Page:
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Now living on the south coast, she gives talks on a range of subjects, but says the most popular remains the Secrets of filming Swallows and Amazons, a tale that seems to grow in people’s affections over the years as part of a wider nostalgia for a more innocent time when children could play outside and roam freely without an adult in sight.

On Saturday, Sophie was in Aldeburgh for a screening of the remastered 1974 film. Afterwards, she talked about the film, which starred Virginia McKenna, in a question and answer session.

It was one of several Ransome-themed events in the town over the weekend (some later stories were set in East Anglia after he came to live in Suffolk.) as part of the Aldeburgh Lapwings’ Swallows and Amazons regatta.

Fittingly perhaps, Sophie, who is president of the Arthur Ransome Society and involved in the Nancy Blackett Trust, which works to preserve Ransome’s “favourite” yacht, has also been involved in a new film version of Swallows and Amazons, due to be released in August, doing some technical research and appearing in a cameo role.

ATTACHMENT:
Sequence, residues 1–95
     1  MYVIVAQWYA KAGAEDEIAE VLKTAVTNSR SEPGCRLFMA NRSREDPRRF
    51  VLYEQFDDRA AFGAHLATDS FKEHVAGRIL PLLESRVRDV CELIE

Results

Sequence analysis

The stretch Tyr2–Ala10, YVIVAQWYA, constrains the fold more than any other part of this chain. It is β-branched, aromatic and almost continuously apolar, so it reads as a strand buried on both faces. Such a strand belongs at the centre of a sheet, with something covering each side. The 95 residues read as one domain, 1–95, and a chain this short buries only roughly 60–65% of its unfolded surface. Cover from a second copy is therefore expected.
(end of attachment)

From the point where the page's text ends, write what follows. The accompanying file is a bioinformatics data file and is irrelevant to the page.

The remake has not been without controversy. Titty was renamed Tatty for fear modern audiences might be offended, prompting newspaper articles and complaints from the family of Mavis Altounyan, the character’s real life inspiration, who was nicknamed Titty after the children’s story Titty Mouse and Tatty Mouse.

The fuss has taken Sophie by surprise.

“I can understand why they’ve done it but I’ve never had any adverse reaction over the years to the name of the character I played,” she says. “I think the response the name change has prompted is a reflection of the affection in which the books and Arthur Ransome are held.”

Sophie was 12 when she played the part of nine-year-old “Able Seaman” Titty Walker, who with her brothers John and Roger, and sister Susan, set sail to make camp on a lake island, while their father is away and mother stays at home with their baby sibling.